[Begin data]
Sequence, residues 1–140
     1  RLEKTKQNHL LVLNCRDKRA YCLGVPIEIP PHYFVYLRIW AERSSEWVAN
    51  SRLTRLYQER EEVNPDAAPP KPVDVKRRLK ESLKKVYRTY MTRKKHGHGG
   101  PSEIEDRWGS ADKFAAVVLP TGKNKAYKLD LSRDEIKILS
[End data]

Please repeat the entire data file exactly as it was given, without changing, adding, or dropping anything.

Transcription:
Sequence, residues 1–140
     1  RLEKTKQNHL LVLNCRDKRA YCLGVPIEIP PHYFVYLRIW AERSSEWVAN
    51  SRLTRLYQER EEVNPDAAPP KPVDVKRRLK ESLKKVYRTY MTRKKHGHGG
   101  PSEIEDRWGS ADKFAAVVLP TGKNKAYKLD LSRDEIKILS